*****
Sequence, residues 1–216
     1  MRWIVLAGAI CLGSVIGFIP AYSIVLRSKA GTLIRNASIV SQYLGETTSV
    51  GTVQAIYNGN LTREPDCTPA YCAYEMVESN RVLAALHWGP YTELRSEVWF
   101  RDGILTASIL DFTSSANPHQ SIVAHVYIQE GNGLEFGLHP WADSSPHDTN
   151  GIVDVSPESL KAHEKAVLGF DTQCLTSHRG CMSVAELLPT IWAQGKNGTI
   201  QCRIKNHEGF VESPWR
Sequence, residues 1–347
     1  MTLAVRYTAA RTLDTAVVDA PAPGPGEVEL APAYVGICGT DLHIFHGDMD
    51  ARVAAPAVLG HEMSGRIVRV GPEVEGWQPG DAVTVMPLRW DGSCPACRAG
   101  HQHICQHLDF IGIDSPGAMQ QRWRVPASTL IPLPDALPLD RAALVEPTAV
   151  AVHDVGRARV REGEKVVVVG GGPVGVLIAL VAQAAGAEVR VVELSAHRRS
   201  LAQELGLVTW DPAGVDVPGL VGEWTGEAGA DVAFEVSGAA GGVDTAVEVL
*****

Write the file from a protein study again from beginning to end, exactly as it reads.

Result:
Sequence, residues 1–216
     1  MRWIVLAGAI CLGSVIGFIP AYSIVLRSKA GTLIRNASIV SQYLGETTSV
    51  GTVQAIYNGN LTREPDCTPA YCAYEMVESN RVLAALHWGP YTELRSEVWF
   101  RDGILTASIL DFTSSANPHQ SIVAHVYIQE GNGLEFGLHP WADSSPHDTN
   151  GIVDVSPESL KAHEKAVLGF DTQCLTSHRG CMSVAELLPT IWAQGKNGTI
   201  QCRIKNHEGF VESPWR
Sequence, residues 1–347
     1  MTLAVRYTAA RTLDTAVVDA PAPGPGEVEL APAYVGICGT DLHIFHGDMD
    51  ARVAAPAVLG HEMSGRIVRV GPEVEGWQPG DAVTVMPLRW DGSCPACRAG
   101  HQHICQHLDF IGIDSPGAMQ QRWRVPASTL IPLPDALPLD RAALVEPTAV
   151  AVHDVGRARV REGEKVVVVG GGPVGVLIAL VAQAAGAEVR VVELSAHRRS
   201  LAQELGLVTW DPAGVDVPGL VGEWTGEAGA DVAFEVSGAA GGVDTAVEVL